|Canon 77D« »||5.2 in||3.9 in||3.0 in||19.0 oz||600||n||Feb 2017||899||Canon 77D|
|Canon M5« »||4.6 in||3.5 in||2.4 in||15.1 oz||295||n||Sep 2016||979||Canon M5|
|Canon G5 X« »||4.4 in||3.0 in||1.7 in||12.5 oz||210||n||Oct 2015||799||Canon G5 X|
|Canon M3« »||4.4 in||2.7 in||1.7 in||12.9 oz||250||n||Feb 2015||679||-||Canon M3|
|Canon T6i« »||5.2 in||4.0 in||3.1 in||19.6 oz||440||n||Feb 2015||749||-||Canon T6i|
|Canon T6s« »||5.2 in||4.0 in||3.1 in||19.9 oz||440||n||Feb 2015||849||-||Canon T6s|
|Canon XC10« »||4.9 in||4.0 in||4.8 in||36.7 oz||..||n||Apr 2015||2,499||-||Canon XC10|
|Canon SX60« »||5.0 in||3.7 in||4.5 in||22.9 oz||340||n||Sep 2014||549||-||Canon SX60|
|Canon G16« »||4.3 in||3.0 in||1.6 in||12.6 oz||360||n||Aug 2013||549||Canon G16|
|Canon G1 X« »||4.6 in||3.2 in||2.6 in||18.8 oz||250||n||Jan 2012||799||-||Canon G1 X|
|Canon T1i« »||5.1 in||3.9 in||2.4 in||18.3 oz||400||n||Mar 2009||799||-||Canon T1i|
|Canon XSi« »||5.1 in||3.9 in||2.4 in||18.5 oz||500||n||Jan 2008||799||-||Canon XSi|
|Panasonic LX100« »||4.5 in||2.6 in||2.2 in||13.9 oz||300||n||Sep 2014||899||Panasonic LX100|
The price is, of course, an important factor in any camera decision. The listed launch prices provide an indication of the market segment that the manufacturer of the cameras have been targeting. Normally, street prices remain initially close to the MSRP, but after a couple of months, the first discounts appear. Later in the product cycle and, in particular, when the replacement model is about to appear, further discounting and stock clearance sales often push the camera price considerably down.
Sensor comparison: Canon G1 X Mark II vs M6
The size of the imaging sensor is a crucial determinant of image quality. A large sensor will generally have larger individual pixels that offer better low-light sensitivity, provide wider dynamic range, and have richer color-depth than smaller pixels in a sensor of the same technological generation. Moreover, a large sensor camera will give the photographer more control over depth-of-field in the image and, thus, the ability to better isolate a subject from the background. On the downside, larger sensors are more costly to manufacture and tend to lead to bigger and heavier cameras and lenses.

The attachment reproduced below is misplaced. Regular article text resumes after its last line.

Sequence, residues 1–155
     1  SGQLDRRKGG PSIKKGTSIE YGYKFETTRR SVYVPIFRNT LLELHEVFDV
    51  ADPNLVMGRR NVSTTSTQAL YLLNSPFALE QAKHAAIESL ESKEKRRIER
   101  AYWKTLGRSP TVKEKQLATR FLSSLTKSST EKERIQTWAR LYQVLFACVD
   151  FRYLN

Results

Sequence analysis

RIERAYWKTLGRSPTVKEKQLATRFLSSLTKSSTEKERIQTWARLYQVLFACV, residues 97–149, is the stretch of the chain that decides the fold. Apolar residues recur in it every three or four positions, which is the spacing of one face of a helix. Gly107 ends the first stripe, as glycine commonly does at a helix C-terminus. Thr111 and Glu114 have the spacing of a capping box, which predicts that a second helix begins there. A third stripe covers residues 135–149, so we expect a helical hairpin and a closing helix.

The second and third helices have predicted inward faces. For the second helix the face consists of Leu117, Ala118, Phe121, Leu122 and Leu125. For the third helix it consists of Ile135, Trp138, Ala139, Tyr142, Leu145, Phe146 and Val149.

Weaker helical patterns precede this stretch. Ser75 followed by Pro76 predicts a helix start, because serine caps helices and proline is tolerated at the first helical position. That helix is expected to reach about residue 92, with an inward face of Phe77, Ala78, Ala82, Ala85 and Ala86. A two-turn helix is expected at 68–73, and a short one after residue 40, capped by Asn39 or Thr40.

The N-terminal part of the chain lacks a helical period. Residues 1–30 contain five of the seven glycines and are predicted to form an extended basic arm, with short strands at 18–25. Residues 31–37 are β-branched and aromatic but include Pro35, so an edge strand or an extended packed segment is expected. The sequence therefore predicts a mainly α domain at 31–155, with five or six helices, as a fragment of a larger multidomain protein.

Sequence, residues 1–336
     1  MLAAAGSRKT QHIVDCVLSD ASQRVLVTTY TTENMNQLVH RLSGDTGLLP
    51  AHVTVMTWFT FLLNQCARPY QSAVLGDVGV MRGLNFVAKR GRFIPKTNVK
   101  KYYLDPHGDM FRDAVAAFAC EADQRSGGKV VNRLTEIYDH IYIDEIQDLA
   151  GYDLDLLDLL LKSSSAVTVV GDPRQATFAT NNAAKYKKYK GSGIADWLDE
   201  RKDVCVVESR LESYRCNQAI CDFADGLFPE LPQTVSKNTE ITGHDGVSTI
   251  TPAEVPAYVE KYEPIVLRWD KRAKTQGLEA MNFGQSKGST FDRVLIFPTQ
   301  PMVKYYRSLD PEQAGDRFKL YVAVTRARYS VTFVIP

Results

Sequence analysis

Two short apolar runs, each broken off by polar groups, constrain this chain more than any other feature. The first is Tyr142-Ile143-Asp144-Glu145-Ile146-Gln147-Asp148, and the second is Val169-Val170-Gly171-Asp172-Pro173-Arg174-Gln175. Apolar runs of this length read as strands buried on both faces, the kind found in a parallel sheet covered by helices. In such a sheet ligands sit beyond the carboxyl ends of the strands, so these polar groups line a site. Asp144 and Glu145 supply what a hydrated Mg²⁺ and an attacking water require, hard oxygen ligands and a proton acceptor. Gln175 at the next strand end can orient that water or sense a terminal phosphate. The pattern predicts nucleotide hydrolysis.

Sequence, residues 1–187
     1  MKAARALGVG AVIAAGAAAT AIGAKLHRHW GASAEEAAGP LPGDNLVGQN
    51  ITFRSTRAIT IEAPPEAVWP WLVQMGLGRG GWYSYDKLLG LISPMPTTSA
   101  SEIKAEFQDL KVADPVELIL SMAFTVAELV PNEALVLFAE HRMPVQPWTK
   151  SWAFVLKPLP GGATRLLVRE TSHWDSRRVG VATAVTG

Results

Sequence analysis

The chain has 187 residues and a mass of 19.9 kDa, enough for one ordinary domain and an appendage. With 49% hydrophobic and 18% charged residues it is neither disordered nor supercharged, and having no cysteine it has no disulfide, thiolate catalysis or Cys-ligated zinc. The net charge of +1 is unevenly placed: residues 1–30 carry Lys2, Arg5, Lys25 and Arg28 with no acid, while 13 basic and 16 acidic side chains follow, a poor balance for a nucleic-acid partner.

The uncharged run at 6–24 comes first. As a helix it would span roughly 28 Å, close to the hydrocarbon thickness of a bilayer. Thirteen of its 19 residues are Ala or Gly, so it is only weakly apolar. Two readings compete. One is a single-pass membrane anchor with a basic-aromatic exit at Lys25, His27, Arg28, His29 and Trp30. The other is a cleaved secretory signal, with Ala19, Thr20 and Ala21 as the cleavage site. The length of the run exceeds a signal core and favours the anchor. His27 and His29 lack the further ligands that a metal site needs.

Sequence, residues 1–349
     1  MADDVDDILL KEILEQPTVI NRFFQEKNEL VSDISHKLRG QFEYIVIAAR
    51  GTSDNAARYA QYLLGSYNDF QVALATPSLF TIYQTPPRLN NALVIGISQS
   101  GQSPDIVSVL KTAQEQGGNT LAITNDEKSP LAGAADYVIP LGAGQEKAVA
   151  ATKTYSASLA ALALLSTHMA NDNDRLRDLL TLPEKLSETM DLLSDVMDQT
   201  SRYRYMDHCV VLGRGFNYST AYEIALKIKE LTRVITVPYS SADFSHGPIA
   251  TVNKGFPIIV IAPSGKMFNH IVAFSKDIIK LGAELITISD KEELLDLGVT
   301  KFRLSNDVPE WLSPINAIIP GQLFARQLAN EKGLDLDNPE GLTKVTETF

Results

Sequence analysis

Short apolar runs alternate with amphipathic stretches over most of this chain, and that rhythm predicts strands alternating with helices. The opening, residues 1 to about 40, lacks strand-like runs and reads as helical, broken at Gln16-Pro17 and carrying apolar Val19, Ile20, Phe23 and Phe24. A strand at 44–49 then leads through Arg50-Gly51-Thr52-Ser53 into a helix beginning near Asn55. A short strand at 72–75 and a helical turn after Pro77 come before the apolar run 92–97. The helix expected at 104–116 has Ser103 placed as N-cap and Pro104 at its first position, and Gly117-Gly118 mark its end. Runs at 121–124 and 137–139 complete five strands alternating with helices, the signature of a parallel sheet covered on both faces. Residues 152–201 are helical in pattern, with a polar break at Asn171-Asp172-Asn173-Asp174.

Of the two cameras under consideration, the Canon G1 X Mark II features an 1.5-inch sensor and the Canon M6 an APS-C sensor. The sensor area in the M6 is 27 percent bigger. As a result of these sensor size differences, the cameras have a format factor of, respectively, 1.85 and 1.6. The sensor in the G1X Mark II has a native 4:3 aspect ratio, while the one in the M6 offers a 3:2 aspect.
Technology-wise, the M6 uses a more advanced image processing engine (DIGIC 7) than the G1X Mark II (DIGIC 6), with benefits for noise reduction, color accuracy, and processing speed.